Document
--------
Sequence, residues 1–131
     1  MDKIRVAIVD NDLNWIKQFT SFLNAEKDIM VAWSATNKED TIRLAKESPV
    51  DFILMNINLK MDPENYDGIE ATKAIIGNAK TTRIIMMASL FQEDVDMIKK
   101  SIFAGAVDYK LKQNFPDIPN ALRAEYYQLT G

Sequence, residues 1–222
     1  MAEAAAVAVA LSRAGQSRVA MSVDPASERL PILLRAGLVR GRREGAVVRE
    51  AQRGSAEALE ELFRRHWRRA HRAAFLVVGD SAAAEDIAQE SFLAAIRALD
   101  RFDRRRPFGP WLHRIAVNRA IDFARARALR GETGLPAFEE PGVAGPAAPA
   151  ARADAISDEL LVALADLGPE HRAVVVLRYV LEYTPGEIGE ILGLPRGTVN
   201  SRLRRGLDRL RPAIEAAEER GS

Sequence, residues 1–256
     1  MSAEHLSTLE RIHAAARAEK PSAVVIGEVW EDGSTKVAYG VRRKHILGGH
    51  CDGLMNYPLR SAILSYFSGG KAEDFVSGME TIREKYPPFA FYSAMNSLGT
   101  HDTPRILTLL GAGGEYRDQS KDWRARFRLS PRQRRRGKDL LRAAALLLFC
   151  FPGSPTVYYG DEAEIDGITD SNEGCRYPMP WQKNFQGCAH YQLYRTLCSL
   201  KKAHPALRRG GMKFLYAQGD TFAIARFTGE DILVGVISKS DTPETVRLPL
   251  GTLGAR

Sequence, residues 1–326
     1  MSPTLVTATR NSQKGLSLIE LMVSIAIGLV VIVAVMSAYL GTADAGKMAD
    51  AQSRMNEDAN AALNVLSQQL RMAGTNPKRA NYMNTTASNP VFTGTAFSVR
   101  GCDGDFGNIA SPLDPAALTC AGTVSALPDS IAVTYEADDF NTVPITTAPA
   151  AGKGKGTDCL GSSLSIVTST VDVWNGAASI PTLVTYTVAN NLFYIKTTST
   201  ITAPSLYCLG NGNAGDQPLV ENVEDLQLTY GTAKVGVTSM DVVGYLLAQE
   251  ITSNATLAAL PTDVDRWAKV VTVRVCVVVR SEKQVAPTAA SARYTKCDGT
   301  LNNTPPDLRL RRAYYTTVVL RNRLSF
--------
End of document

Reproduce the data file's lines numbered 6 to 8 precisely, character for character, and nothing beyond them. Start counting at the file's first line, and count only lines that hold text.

     1  MAEAAAVAVA LSRAGQSRVA MSVDPASERL PILLRAGLVR GRREGAVVRE
    51  AQRGSAEALE ELFRRHWRRA HRAAFLVVGD SAAAEDIAQE SFLAAIRALD
   101  RFDRRRPFGP WLHRIAVNRA IDFARARALR GETGLPAFEE PGVAGPAAPA